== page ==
Watching the watchmen watch the watchmen

The significant media coverage over the last three to four weeks of the the 100’s letter raises questions regarding both ‘impact’ and what it is to ‘engage the public’[1]. Furthermore, as some commentaries have already pointed out, are we to deduce from this that the only impact deemed valuable and viable is that which is not politically contentious or disruptive to policy?”[2]

As Research Associate, “enemy of promise”, and one of the one hundred signatories of the letter from academics across the field of education research to the Independent, 20th March 2013[3] I would like to explore a few ideas with you, my “knowledge hating contemporaries[4]”, in the hope that you will have your own points to make on this issue. What the letter set in motion, antagonisms, may at some level seem rather predictable. However, what seems particular, in and amongst the agitation expressed through the conservatively aligned media, are some rather curious notions of ‘common sense’, epistemic certainty, notions of nation, vertical pedagogies, conflations of schooling and education, and bullish attempts to silence critical considerations of the state of affairs, by referring to it as ‘bad academia’[5].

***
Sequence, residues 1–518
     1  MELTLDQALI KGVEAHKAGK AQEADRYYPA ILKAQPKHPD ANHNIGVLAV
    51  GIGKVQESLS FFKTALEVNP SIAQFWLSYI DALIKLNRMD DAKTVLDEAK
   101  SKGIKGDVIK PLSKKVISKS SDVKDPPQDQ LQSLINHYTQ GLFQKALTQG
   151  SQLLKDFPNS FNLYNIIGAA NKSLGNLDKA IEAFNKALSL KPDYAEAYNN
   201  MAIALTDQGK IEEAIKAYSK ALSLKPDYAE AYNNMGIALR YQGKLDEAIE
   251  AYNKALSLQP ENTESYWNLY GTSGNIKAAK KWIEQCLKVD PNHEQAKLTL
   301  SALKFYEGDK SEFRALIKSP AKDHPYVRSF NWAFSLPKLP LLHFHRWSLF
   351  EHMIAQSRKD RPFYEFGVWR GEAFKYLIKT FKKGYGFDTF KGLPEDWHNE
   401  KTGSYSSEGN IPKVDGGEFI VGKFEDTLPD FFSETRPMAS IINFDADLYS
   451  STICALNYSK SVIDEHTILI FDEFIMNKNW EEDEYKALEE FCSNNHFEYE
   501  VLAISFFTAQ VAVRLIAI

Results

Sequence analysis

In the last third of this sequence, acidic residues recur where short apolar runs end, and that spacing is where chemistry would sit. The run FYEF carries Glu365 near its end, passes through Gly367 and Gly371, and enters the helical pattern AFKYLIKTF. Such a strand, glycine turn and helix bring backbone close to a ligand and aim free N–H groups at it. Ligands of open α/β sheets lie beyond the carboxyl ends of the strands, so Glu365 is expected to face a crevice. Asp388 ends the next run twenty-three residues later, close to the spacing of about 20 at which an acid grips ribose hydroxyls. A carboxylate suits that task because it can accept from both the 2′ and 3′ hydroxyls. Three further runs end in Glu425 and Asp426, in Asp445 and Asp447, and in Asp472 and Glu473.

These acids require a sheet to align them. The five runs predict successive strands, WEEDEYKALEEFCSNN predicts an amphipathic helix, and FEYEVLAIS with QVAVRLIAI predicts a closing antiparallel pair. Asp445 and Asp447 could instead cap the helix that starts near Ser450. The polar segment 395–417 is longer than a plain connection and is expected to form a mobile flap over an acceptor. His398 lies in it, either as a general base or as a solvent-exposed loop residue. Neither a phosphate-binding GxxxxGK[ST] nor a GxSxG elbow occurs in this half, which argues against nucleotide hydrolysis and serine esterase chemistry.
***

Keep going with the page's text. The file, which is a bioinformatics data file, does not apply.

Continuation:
The general argument of the letter sent to the Independent[6] , drew attention to the narrowness of Gove’s schooling agenda, suggesting that it would ignore the learner; take little account of children and young people’s potential interests and capacities; and provide little time or space for them to explore the ways in which the abstract ideas they should ‘learn by heart’, would relate to their experience, lives and activities.

However, this moderately toned, and clearly positioned letter was described as ‘terrifying’ in an article in the Telegraph , entitled “Children can’t think if they don’t learn facts – The academics who criticised rote learning are wrong – it is at the heart of all knowledge”. The article, penned by an alumni of North Bridge House prep school, Westminster School, Magdalen College and the  Bullingdon Club , positions ‘academics’ on a sliding scale of perversely idiotic cotton-headed-ninny-muggins to rampant Marxists who are killing reason with ‘Ideology’. However, the piece raises the important question, albeit through schoolboy latin: ‘Who will watch the watchmen?. From listening to seminars and presentations within the field of educational research, the watchfulness and  governmentality already enacting and acting upon the ‘watchmen’ seems to require a repositioning, if not of the question, then of the subjects and objects the question pertains to and the role of critical thought, and thinkers, in organising that question.

Sarah Dyke 

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